Posted by Curt on 29 July, 2008 at 12:00 pm. 26 comments already!


Richard Cohen, a man not known for his conservative beliefs, asks a important question in his editorial today at The WaPo:

“Just tell me one thing Barack Obama has done that you admire,” I asked a prominent Democrat. He paused and then said that he admired Obama’s speech to the Democratic convention in 2004. I agreed. It was a hell of a speech, but it was just a speech.

We’ve heard this kind of question before and each time its quite amusing to listen as the Obamamites hem and haw. Great speaker they utter. He’s a uniter they sputter. Nevermind the man has no experience other then being a community organizer. Nevermind the poor judgement he has shown in befriending terrorists, racists, and corrupt politicos. Nevermind his oft stated beliefs that are just an inch or two away from Marxism on the political philospophy dial.

John Gibson asks the question regularly. Most recently yesterday when he got into the fact that most Obama supporters are supporting him for no other reason other then his race?


That last caller towards the end of the audio is classic. He supports Obama over Hillary because he is more informed in foreign policy! Yeah….

One thing Obama seems to hang his hat on policy wise is his opposition to the war in Iraq. Cohen tackles this subject in his editorial:

Obama argues that he himself stuck to the biggest gun of all: opposition to the war. He took that position when the war was enormously popular, the president who initiated it was even more popular and critics of both were slandered as unpatriotic. But at the time, Obama was a mere Illinois state senator, representing the (very) liberal Hyde Park area of Chicago. He either voiced his conscience or his district’s leanings or (lucky fella) both. We will never know.

And we will never know, either, how Obama might have conducted himself had he served in Congress as long as McCain has. Possibly he would have earned a reputation for furious, maybe even sanctimonious, integrity of the sort that often drove McCain’s colleagues to dark thoughts of senatorcide, but the record — scant as it is — suggests otherwise. Obama is not noted for sticking to a position or a person once that position or person becomes a political liability.

All politicians change their positions, sometimes even because they have changed their minds. McCain must have suffered excruciating whiplash from totally reversing himself on George Bush’s tax cuts. He has denounced preachers he later embraced and then, to his chagrin, has had to denounce them all over again. This plasticity has a label: pandering. McCain knows how it’s done.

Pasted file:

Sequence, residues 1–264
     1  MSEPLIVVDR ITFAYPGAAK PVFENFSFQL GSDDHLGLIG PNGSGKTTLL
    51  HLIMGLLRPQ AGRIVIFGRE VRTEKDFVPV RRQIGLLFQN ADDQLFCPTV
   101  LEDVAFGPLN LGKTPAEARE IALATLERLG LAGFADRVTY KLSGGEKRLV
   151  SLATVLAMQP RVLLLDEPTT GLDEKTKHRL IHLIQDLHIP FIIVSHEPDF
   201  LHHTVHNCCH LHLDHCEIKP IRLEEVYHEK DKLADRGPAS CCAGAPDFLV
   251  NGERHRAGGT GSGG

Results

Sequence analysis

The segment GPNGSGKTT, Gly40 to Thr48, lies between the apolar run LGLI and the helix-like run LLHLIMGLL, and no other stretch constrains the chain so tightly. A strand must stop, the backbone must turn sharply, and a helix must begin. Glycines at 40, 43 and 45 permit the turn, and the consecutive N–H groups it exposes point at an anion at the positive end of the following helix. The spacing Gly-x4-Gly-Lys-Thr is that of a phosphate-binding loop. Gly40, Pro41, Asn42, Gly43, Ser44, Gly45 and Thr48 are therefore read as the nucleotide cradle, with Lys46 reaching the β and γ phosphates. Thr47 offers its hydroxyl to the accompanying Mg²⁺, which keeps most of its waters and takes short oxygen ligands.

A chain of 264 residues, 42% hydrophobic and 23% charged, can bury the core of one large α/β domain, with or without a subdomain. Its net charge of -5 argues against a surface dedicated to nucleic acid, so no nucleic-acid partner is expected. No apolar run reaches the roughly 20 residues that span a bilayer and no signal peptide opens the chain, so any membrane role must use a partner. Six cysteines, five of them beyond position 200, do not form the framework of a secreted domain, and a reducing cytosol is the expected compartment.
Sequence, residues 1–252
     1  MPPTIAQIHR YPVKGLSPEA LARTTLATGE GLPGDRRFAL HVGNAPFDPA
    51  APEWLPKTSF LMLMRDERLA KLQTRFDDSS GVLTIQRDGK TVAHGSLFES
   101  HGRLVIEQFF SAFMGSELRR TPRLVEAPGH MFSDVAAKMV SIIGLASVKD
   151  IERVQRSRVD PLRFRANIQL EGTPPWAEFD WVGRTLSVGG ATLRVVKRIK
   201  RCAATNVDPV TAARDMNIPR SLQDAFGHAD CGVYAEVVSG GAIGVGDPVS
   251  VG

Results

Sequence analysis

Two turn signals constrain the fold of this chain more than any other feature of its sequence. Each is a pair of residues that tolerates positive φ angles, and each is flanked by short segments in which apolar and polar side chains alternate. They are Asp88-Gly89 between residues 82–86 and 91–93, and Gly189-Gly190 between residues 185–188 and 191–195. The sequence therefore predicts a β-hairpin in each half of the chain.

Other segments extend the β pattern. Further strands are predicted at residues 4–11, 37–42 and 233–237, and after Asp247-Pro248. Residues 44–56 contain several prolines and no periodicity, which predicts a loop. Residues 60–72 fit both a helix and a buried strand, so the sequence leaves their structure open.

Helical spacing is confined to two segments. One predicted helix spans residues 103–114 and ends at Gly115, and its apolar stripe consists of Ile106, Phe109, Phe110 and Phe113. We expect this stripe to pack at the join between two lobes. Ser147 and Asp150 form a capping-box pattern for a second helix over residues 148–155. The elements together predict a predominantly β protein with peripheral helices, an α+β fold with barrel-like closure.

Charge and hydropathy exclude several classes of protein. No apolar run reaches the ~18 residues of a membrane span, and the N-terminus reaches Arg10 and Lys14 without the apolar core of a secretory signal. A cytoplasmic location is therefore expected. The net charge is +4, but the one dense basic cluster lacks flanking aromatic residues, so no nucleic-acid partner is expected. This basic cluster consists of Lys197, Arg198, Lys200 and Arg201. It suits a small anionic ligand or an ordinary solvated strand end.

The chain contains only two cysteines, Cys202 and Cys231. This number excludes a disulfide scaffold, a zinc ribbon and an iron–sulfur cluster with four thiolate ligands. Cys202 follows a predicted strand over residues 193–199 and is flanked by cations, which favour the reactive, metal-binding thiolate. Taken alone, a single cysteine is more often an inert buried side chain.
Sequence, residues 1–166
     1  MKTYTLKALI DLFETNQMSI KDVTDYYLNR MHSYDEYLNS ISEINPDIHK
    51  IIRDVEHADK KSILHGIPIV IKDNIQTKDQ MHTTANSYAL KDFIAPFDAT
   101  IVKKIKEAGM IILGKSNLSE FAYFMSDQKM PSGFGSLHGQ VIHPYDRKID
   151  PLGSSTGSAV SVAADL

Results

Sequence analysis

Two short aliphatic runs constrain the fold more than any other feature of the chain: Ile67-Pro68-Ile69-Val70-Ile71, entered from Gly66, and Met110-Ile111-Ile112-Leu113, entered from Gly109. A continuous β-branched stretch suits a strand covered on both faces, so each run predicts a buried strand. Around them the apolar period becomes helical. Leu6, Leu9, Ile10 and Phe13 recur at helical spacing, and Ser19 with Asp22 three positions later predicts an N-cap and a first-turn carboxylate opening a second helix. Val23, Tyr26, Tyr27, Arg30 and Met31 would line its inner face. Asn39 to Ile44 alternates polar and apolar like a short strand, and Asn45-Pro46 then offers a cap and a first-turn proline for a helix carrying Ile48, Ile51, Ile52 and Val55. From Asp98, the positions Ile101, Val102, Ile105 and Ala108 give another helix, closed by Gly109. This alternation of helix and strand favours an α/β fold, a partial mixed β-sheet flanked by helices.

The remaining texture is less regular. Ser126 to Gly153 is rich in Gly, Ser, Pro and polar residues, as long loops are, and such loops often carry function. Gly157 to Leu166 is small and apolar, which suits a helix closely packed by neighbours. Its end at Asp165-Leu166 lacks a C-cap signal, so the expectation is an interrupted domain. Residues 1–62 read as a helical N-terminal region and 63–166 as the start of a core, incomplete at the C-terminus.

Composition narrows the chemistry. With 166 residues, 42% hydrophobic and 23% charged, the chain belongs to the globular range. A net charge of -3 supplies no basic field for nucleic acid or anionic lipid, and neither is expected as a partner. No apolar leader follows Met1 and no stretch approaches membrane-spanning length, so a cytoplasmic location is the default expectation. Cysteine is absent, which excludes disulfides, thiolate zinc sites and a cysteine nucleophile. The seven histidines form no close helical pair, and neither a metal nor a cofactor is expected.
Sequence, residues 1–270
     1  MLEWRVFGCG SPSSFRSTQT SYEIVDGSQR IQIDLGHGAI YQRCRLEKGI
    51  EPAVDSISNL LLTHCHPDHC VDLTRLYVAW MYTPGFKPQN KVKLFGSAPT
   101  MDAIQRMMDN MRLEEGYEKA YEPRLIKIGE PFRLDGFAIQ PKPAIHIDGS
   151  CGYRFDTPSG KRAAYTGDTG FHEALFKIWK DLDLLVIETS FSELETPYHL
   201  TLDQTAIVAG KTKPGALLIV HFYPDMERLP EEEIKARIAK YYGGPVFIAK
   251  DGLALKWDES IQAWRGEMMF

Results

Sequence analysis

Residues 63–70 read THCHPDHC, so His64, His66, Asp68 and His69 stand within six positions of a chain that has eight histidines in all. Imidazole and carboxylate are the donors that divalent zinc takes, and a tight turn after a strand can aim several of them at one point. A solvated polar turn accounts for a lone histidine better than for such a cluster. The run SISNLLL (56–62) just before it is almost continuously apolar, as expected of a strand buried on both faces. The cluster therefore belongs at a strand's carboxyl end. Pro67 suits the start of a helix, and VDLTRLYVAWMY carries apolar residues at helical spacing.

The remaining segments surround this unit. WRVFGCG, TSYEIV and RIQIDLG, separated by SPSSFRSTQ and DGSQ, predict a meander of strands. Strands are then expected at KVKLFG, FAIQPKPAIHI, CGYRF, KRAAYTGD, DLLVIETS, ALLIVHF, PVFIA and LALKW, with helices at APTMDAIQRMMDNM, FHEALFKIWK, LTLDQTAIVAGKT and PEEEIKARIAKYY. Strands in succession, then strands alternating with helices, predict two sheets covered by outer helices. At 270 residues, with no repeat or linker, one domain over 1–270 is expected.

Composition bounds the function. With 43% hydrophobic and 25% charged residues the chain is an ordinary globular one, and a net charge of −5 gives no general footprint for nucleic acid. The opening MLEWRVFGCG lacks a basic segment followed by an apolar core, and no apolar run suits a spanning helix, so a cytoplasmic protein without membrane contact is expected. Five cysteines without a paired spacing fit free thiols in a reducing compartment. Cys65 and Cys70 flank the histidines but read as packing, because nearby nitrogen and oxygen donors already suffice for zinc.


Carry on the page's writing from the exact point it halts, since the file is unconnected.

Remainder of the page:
But Obama has shown that in this area, youth is no handicap. He has been for and against gun control, against and for the recent domestic surveillance legislation and, in almost a single day, for a united Jerusalem under Israeli control and then, when apprised of U.S. policy and Palestinian chagrin, against it. He is an accomplished pol — a statement of both admiration and a bit of regret.

Granted, Cohen wrote about his support of McCain because of issues that most conservatives don’t support him, but when liberals like Cohen are wondering just what Obama stands for, it doesn’t bode well for the Democrat party.

Karl at Protein Wisdom has some issues with Cohens editorial, specifically some of Obama’s “experience” that he overlooks:

As previously noted here, Obama’s public record is almost entirely undistinguished, so it is not as though Cohen could discover the same. Cohen might also have looked at Obama’s ineffectual efforts on public school reform in the 1980s and 1990s, especially given that Obama manages to get the issue of school choice exactly backward and is clinging to the failed policies of the past in this current campaign.

Cohen could also have looked at how Obama, as an ambitious pol, was so busy plotting his ascent that projects in addition to those education plans were not given follow-through or oversight. As a “community organizer,” Obama’s work at a housing project called Altgeld Gardens left a potholed trail of boarded-up buildings. As a state senator, his housing policies enriched donors like Valerie Jerrett and Tony Rezko, but spawned uninhabitable slum properties and homelessness in and around his district. As a Congressional candidate, his proposed Englewood Beautification Plan left “a field of unfulfilled dreams, strewn with weeds, garbage and broken pavement.” During his short tenure as a US Senator, Obama has failed to honor the pledges of assistance that he made to a Kenyan school named in his honor when he visited there amid great fanfare two years ago.

More here.

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